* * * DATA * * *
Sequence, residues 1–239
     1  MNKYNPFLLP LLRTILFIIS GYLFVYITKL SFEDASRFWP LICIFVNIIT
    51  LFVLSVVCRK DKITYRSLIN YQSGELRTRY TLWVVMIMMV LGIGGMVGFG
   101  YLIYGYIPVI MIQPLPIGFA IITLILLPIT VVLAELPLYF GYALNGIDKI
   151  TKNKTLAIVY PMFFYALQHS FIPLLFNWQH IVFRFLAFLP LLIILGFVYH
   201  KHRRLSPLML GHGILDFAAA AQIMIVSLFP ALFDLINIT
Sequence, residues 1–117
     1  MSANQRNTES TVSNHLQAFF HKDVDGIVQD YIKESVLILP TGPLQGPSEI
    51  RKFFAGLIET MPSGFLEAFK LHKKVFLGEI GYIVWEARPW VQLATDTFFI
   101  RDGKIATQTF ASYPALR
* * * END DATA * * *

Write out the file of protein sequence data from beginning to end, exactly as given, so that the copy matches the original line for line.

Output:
Sequence, residues 1–239
     1  MNKYNPFLLP LLRTILFIIS GYLFVYITKL SFEDASRFWP LICIFVNIIT
    51  LFVLSVVCRK DKITYRSLIN YQSGELRTRY TLWVVMIMMV LGIGGMVGFG
   101  YLIYGYIPVI MIQPLPIGFA IITLILLPIT VVLAELPLYF GYALNGIDKI
   151  TKNKTLAIVY PMFFYALQHS FIPLLFNWQH IVFRFLAFLP LLIILGFVYH
   201  KHRRLSPLML GHGILDFAAA AQIMIVSLFP ALFDLINIT
Sequence, residues 1–117
     1  MSANQRNTES TVSNHLQAFF HKDVDGIVQD YIKESVLILP TGPLQGPSEI
    51  RKFFAGLIET MPSGFLEAFK LHKKVFLGEI GYIVWEARPW VQLATDTFFI
   101  RDGKIATQTF ASYPALR